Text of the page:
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Thursday News: New SF imprint, convicted murderer wins writing contest, Peter...

“Weinman says that she was drawn to his story after receiving a galley copy of the book and noticing that Hunt’s bio said he “is currently serving a life sentence.” In an email to NPR, she writes, ‘I knew there had to be so much more to the story.’ Asked about the ethics of Hunt profiting from his writing, Weinman says that, ‘I thought about the ethical issues a lot while reporting out the piece, and I don’t believe there are easy answers — nor should there be.’” NPR

“Ms. Day, in a telephone interview, rejected the suggestion that her success was primarily attributable to the enormous sales of “Fifty Shades” and the widespread interest in romance in 2012. ‘The majority of readers say that they don’t believe they’re reading romance novels,’ she said of her books. ‘For them it’s just a story.’” New York Times

isn't sure if she's an average Romance reader, or even an average reader, but a reader she is, enjoying everything from literary fiction to philosophy to history to poetry. Historical Romance was her first love within the genre, but she's fickle and easily seduced by the promise of a good read. She approaches every book with the same hope: that she will be filled from the inside out with something awesome that she didnʼt know, didnʼt think about, or didnʼt feel until that moment. And she's always looking for the next mind-blowing read, so feel free to share any suggestions!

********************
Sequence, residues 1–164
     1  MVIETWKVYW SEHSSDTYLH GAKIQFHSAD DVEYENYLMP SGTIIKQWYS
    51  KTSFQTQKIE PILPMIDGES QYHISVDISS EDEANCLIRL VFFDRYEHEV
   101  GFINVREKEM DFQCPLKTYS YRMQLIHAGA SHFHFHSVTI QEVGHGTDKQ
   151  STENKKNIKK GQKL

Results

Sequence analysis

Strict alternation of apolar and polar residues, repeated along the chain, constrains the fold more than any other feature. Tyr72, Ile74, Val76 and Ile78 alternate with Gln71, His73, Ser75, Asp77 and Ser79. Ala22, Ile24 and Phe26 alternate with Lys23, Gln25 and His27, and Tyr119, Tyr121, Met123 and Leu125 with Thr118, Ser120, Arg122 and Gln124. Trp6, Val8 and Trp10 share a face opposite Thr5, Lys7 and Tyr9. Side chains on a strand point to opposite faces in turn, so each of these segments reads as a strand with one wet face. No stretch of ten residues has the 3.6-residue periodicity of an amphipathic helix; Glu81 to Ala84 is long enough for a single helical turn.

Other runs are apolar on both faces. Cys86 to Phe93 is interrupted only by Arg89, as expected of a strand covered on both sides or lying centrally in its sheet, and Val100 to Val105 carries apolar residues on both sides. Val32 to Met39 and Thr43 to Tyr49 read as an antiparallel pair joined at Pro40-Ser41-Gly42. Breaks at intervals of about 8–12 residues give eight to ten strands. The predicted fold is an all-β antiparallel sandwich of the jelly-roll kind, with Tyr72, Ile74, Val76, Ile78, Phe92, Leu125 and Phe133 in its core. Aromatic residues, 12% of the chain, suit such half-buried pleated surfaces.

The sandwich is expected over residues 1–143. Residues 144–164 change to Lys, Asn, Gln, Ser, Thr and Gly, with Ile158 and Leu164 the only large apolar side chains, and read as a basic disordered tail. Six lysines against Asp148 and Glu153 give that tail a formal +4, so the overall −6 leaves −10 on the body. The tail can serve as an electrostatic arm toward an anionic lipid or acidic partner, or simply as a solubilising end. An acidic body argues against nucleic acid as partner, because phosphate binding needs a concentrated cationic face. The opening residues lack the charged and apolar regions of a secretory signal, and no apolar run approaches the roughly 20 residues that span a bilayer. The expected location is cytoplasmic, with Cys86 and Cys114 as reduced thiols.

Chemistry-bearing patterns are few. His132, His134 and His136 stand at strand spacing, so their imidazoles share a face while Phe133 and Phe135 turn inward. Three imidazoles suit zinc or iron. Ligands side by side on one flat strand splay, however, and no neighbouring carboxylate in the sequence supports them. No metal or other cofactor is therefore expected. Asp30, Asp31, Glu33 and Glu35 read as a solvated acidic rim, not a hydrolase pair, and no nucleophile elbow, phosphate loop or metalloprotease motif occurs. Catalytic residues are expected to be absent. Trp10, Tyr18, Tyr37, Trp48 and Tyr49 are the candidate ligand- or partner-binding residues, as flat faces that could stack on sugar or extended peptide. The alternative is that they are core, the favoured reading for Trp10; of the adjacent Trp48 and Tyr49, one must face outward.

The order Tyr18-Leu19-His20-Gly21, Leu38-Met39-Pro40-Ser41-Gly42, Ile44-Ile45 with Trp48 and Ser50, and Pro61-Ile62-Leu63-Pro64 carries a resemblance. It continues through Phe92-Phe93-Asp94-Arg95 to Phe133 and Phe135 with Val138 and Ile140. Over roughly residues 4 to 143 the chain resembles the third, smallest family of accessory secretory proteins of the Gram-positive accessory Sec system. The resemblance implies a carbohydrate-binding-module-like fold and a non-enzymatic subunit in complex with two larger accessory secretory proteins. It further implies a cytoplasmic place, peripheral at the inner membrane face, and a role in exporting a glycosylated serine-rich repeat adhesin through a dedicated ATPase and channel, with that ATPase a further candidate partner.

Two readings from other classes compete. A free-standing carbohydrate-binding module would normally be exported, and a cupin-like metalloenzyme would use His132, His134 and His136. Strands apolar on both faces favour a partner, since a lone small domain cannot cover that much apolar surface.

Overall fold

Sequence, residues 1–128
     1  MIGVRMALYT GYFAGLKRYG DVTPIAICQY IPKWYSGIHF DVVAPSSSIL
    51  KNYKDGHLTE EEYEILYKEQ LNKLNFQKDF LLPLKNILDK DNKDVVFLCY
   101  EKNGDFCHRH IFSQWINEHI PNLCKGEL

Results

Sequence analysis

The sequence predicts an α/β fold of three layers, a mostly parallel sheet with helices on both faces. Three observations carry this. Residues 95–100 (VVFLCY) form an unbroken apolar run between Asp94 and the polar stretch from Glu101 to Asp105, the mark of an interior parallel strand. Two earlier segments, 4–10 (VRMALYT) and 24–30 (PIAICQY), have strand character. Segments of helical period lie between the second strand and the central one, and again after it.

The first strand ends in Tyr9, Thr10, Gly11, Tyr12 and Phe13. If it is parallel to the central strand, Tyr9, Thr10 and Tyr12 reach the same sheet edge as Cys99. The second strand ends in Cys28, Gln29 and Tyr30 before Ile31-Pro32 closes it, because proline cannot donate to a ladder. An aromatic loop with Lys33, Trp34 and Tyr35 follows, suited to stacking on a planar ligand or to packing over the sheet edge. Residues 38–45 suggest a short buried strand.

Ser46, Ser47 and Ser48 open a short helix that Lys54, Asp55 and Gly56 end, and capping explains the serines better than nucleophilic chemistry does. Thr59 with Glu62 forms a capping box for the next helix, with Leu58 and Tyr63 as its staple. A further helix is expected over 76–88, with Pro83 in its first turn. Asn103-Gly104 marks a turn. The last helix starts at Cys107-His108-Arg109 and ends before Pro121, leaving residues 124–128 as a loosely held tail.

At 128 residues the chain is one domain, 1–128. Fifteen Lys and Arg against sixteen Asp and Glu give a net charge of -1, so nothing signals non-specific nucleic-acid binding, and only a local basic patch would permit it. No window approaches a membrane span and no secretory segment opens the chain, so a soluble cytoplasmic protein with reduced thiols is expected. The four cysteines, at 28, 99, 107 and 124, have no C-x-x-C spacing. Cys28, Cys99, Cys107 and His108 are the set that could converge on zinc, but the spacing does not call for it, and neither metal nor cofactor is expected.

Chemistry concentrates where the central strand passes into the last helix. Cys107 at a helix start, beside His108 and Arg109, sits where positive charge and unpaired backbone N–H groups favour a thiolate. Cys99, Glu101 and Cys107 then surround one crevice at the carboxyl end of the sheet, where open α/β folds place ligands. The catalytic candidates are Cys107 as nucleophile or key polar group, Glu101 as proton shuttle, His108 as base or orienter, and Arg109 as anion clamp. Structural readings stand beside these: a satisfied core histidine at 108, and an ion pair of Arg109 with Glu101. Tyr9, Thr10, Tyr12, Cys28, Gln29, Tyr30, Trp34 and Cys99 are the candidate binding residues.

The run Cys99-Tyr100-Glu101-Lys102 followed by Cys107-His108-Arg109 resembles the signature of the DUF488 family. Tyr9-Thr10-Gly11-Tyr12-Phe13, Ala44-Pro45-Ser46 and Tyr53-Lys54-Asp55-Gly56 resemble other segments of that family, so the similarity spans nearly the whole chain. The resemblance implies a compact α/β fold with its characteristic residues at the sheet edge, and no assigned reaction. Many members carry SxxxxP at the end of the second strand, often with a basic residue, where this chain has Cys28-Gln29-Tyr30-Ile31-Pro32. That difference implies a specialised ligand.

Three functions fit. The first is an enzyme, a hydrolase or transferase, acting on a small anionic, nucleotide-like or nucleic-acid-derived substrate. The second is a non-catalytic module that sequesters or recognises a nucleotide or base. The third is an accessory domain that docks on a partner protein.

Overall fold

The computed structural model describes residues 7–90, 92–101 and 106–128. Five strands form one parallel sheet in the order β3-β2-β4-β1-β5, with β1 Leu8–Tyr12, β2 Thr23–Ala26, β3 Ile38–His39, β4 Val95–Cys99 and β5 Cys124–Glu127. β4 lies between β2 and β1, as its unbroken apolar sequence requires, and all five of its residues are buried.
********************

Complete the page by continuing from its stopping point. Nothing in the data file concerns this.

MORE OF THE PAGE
12 Comments

  1. Kaley
    Jan 16, 2014 @ 04:15:26

    Seriously, Ms. Day??? o_O

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  2. Evangeline
    Jan 16, 2014 @ 04:52:18

    ‘The majority of readers say that they don’t believe they’re reading romance novels,’ she said of her books. ‘For them it’s just a story.’” And there you have the future (and present, based on the massive and enduring popularity of contemporary, erotic and New Adult romance post-FSoG) of the romance genre in a nutshell.

    It will be interesting to see how the genre changes in the coming future to appeal to this influx of romance readers who don’t think they read romance, because romance=Harlequins/bodice rippers. I noticed reader complaints about missing the mantitty that used to be on erotic romance covers just last year…

    But congratulations to Sylvia Day. She definitely deserves her success.

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  3. Ros
    Jan 16, 2014 @ 06:08:23

    I’m unclear why the murderer-turned-author is an ethical problem. It seems from the article that although his book is a detective story, it’s unrelated to the crimes he committed. It’s not like a murderer writing memoirs and thus profiting from their crimes. Is it because the fact of him serving a life-sentence could be seen as a promotional tool in some way?

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  4. DS
    Jan 16, 2014 @ 07:07:16

    It doesn’t say that it is life without parole or not. Ok, just saw he had an indefinite sentence with 30 years minimum. It would be good for him if he has a trade to fall back on since it appears he will be released from prison at some time and have to cope with life as a convicted felon. The name is vaguely familiar but I don’t usually read P I fiction. Hope he avoids the fate of Norman Mailer’s protege who wrote In the Belly of the Beast.

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  5. Becca
    Jan 16, 2014 @ 07:56:22

    re: the murderer winning the prize: people don’t seem to object to Anne Perry, a convicted murderer herself, writing murder mysteries.